Tyranosopher: I sometimes agree with Aristotle, but not here. Without happiness, there would be no existence, we would be too depressed to search for food. So happiness is not so much “purpose to life” but rather a necessary mean to achieve human existence. Aristotle’s definition of happiness was stealthily perverse. Aristotle was a hopelessly compromised member, teacher, exploiter and propagandist of the Macedonian tyranny. That colored all his ethical system. So, naturally, Aristotle had a twisted definition of happiness. Aristotle termed this eudaimonia – “activity expressing virtue”. The virtue of serving the Macedonian tyranny. Aristotle didn’t celebrate the happiness of free humans, he wanted the slaves to accomplish their duty with minimum fuss, by following their “virtue”. Really, go ask Aristotle (as a virtual reality program) how slaves can achieve the purpose of their lives. Aristotle was pro-slavery (because, he analyzed, we don’t have machines; right, but slavery prevented the rise of machines and mechanical advantage, as the Franks demonstrated a millennium later…) 

Simplicia: OK, forget Aristotle. The US Declaration of Independence establishes as a human right the pursuit of happiness”.

Tyranosopher: Democritus, a proponent of the atomic theory, born two generations before Aristotle (but contemporary to Aristotle, as Democritus lived to 90) held that:  “Happiness resides not in possessions, and not in gold, happiness dwells in the soul.”

While in partial agreement with Democritus (partial, because we need possessions such as food and shelter!), I observe something simpler: most humans are happy enough, most of the time, to not want to die. Thus life is happiness. Run across a desert landscape until thirsty, hungry and exhausted. A safe shelter with water, food and a bed will then define overwhelming happiness. Thus travails bring hope, contentment!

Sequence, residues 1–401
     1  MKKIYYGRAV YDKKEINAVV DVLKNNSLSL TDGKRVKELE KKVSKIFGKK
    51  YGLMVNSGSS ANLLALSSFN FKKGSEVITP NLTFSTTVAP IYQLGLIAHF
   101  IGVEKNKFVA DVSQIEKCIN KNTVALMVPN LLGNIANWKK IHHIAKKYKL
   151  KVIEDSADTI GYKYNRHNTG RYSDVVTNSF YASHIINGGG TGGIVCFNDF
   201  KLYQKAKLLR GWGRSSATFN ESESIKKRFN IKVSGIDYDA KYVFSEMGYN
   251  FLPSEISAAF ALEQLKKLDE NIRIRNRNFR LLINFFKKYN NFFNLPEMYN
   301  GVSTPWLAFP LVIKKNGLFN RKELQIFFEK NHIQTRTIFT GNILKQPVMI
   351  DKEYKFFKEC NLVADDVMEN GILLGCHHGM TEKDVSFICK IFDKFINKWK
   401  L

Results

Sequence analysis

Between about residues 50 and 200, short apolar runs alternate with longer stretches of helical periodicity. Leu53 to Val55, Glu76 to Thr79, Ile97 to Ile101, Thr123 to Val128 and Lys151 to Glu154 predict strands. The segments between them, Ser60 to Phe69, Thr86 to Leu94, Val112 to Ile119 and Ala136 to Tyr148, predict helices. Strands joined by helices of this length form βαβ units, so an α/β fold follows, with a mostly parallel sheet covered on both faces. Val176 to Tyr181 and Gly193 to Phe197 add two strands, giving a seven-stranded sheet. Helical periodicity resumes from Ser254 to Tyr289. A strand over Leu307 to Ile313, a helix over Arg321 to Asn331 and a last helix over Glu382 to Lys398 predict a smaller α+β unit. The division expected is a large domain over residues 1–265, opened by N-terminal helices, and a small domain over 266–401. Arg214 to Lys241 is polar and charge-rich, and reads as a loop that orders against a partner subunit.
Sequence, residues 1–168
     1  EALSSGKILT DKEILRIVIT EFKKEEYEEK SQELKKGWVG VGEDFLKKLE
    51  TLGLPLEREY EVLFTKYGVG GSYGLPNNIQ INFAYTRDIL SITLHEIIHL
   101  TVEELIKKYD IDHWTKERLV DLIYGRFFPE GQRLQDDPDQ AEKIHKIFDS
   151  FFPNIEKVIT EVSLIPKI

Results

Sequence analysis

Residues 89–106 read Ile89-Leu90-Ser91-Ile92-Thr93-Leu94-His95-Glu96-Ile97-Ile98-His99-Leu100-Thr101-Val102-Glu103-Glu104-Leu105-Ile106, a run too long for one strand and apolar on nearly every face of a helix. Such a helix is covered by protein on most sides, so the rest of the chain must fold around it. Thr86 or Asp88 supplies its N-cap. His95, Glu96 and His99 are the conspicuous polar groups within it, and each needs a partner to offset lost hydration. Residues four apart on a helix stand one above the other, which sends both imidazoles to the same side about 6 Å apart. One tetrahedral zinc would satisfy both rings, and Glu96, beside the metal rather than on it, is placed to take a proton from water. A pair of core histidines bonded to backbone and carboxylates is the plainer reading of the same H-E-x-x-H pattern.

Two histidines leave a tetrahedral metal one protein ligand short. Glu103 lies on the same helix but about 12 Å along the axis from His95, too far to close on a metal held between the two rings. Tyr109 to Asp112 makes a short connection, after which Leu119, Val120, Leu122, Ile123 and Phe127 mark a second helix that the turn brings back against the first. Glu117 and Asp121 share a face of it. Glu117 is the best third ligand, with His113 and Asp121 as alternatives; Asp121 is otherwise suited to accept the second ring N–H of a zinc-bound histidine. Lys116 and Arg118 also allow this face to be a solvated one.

Simplicia: Alleviating suffering is happiness?

Tyranosopher: LIFE IS HAPPINESS. That’s why people fear death. And rightly so. It’s very simple, very animal.

Simplicia: Are you just a beast? What kind of philosophy is that? Animal philosophy?

Tyranosopher: Humans are animals. Go watch the movie Avatar The Way of Water, and consider the super intelligent whale there, more clever than humans. All and any philosophy should be advanced enough to be animal-proof. 

Simplicia: Animal-proof? What does that mean?


Tyranosopher: Any philosophical system should encompass, as a very minimum, humanity’s animal condition. Because animals are what we are. This is a point Buddhism makes: live in the present, as animals mostly do. Living in the past and the future, as all advanced animals do quite a bit, is the most human skill. Yet, it’s the present which builds the (subjective) past and the (hoped for) future.